Each year, like migrating flocks of birds, tens of thousands of university students fill the motorways and trains as another new chapter of their lives looms ahead.
Their time at university will provide helpful skills and knowledge, but this does come at a cost. A recent report by the Institute of Fiscal Studies estimated that students can expect to leave university with £57,000 worth of debt.
With the current maintenance loan often unable to cover the cost of living and the recent rise in tuition fees, the ‘bank of Mum and Dad’ has never been so important. Learn the best ways to financially support your child at University here.
How much should you expect to contribute towards your children’s living costs?
There are a lot of factors to consider when deciding how much to contribute. It depends on many variables such as your financial situation, number of dependents at university, and the living costs.
You might consider paying off your children’s tuition fees to reduce their debt. Before you do, think again and read this blog. Tuition fee debt is a tricky and complex topic.
Once you've calculated how much you can afford, you need to decide how you are going to financially support your child at University. There are a few options to choose from, here are our suggestions:
1. Help them with their rent
Apart from tuition fees, the next largest living cost for a student is accommodation. The average rent for students across the UK comes to £535 a month. In London, they can expect to pay an average of £640 a month. Utility bills and groceries will each cost around £50 a week on top.
The maximum loan a student can receive is £8,700 outside London and £11,354 inside London. This only applies if your household earns under £25,000. Use the table below to estimate how much you would need to make up the balance.
For students living away from home studying outside London
For students living away from home studying in London
Your added funding will go a long way in providing financial support towards your child’s maintenance. Funding can go towards the monthly rental costs, household bills, course materials, and groceries, which will have a beneficial effect on their uni experience and reduce their debt.
2. Consider using food gift cards
This is an alternative way of ensuring the money you give your child at uni gets spent on essentials, providing you with peace of mind in knowing your child will eat well throughout their studies. Also, your child will have one less thing to worry about (a full stomach is reported to aid concentration).
The cards are simple to use. You get two cards – one for yourself and one for your child – which are linked. You add money to your card either online or in-store, which tops up your child’s card. They can then spend the credit only on items within the shop. You can keep track at your end to check if the balance is low and needs topping up.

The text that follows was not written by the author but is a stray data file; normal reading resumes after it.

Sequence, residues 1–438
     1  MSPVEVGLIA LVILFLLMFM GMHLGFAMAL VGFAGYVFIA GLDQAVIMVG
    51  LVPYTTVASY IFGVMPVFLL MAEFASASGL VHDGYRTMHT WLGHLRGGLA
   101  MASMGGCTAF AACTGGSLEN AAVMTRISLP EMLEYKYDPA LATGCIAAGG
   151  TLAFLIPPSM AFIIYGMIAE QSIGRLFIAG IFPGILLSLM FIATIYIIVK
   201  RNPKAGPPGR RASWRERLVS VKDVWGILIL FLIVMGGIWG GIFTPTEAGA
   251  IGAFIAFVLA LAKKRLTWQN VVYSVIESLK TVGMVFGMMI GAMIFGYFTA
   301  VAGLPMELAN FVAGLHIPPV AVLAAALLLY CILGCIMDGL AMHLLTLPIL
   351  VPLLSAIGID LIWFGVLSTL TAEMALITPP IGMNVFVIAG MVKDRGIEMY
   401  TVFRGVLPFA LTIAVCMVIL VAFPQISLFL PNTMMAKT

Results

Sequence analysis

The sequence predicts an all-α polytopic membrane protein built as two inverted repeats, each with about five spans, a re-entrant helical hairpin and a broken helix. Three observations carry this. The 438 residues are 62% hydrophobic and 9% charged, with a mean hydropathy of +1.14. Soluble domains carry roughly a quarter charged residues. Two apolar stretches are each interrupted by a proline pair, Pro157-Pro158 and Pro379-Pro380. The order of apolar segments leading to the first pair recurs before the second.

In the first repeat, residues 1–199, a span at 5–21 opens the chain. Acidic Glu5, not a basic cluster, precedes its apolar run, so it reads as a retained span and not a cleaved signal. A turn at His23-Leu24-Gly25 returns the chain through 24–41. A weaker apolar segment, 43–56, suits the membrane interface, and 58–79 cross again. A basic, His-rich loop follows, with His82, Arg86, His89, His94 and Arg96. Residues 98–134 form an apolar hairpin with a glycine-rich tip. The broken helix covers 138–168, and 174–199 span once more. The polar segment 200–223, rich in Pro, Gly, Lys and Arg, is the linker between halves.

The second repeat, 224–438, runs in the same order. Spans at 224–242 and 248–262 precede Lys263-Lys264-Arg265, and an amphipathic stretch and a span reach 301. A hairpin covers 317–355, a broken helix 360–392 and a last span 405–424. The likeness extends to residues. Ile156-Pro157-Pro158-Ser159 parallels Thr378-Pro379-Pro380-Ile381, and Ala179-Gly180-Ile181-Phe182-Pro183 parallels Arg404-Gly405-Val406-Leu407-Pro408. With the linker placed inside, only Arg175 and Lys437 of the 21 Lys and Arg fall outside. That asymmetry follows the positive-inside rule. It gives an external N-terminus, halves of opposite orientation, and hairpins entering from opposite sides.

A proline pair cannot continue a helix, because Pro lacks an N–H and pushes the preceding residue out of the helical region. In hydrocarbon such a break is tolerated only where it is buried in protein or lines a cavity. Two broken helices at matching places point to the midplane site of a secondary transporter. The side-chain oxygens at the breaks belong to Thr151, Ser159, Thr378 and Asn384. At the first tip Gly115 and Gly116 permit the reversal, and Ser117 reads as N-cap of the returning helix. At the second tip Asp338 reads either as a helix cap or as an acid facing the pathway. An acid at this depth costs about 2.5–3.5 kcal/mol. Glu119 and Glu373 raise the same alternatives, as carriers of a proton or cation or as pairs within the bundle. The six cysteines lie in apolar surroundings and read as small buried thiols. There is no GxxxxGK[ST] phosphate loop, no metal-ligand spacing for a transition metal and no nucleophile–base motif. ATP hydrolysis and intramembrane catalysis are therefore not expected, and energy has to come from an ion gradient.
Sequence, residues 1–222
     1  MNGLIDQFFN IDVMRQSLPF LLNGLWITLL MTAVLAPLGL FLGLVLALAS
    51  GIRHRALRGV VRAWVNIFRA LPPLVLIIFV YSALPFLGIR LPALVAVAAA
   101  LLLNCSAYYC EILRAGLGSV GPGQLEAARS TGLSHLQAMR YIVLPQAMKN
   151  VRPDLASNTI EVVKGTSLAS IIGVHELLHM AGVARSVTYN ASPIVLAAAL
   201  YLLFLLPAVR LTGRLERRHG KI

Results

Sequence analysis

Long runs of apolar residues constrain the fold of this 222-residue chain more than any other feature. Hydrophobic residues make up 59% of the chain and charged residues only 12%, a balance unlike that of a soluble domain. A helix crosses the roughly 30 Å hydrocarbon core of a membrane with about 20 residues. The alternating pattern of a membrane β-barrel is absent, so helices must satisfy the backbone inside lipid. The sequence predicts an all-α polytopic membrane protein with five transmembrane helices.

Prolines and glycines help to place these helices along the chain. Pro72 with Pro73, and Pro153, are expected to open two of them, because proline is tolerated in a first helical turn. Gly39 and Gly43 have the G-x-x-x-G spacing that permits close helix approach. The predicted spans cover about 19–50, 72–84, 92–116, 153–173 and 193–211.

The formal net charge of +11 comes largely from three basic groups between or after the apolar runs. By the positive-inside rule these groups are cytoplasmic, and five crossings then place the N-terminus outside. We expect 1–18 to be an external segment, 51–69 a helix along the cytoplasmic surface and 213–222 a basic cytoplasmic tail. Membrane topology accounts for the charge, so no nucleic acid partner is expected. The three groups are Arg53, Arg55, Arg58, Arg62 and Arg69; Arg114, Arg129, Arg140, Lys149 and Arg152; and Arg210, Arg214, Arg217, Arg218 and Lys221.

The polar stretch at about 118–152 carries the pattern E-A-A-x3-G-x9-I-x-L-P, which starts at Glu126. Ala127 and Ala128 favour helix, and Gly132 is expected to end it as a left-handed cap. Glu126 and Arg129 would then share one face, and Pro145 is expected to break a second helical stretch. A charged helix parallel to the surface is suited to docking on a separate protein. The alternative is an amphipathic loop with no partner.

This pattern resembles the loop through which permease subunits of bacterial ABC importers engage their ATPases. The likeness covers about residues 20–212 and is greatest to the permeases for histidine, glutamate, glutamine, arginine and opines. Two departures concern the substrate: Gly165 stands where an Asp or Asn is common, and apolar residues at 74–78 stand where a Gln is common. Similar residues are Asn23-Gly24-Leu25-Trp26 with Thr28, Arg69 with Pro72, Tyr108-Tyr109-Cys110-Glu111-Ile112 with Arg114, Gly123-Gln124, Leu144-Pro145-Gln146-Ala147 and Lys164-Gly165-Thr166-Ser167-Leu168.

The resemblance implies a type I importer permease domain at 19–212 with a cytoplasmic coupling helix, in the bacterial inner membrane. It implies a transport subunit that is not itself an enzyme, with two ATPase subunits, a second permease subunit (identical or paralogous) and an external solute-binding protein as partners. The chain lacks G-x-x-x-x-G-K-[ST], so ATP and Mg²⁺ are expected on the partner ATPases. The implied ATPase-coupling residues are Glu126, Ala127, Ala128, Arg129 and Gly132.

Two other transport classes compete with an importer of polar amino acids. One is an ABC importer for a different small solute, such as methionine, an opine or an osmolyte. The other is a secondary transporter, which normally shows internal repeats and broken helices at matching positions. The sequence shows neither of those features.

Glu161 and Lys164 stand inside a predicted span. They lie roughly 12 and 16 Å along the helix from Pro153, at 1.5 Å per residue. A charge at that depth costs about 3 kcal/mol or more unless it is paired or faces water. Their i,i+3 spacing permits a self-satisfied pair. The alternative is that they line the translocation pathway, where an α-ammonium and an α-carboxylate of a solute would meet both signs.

The card is free and is a good way for you to keep some level of control but also gives your child the independence uni promises.
The same method can be applied to funding course books and uni equipment. Student libraries will stock copies of most of the reading material. Your child will have to be quick as there will be limited copies available.
A study by the Times Higher Education found students spent £60 a month on course materials. Gift cards from sites such as Amazon are a way of making sure your money is going towards your child’s education.
3. A good time to practice with money
University may be the first time your children have had to manage their own money. With a couple of thousand in the bank, they might think this will last the whole term. After a few nights out drinking, a couple of shopping trips, and takeaways, they will find out how money can disappear.
Research by Rowe found children learn more about their finances from their parents than any other source. What you teach your children and the examples you set will have the largest effect on how they handle their finances.
You can give your children practice with money in a variety of ways, such as providing them with regular allowances, rewarding good grades with financial incentives, or encouraging them to save for meaningful purchases. The specifics do not really matter, nor does the amount of money. The important thing is to give your children hands-on experience with money early, when the stakes are low and good habits can be made for life.
You should let them make their own mistakes. You can help them learn from those and develop good habits before they’re living on their own.
For more ideas on how to teach your children to manage money well, take a look at our pocket guide to children and money.
Three different ways that you can financially support your children at uni have been explained – whether it’s paying for their rent, covering household bills, or using gift cards to ensure your money is being spent on their education – as have the importance of educating your children about budgeting and giving them practice with money early on.
If you would like to learn more about how to financially support your child at University, please contact the team at Capital.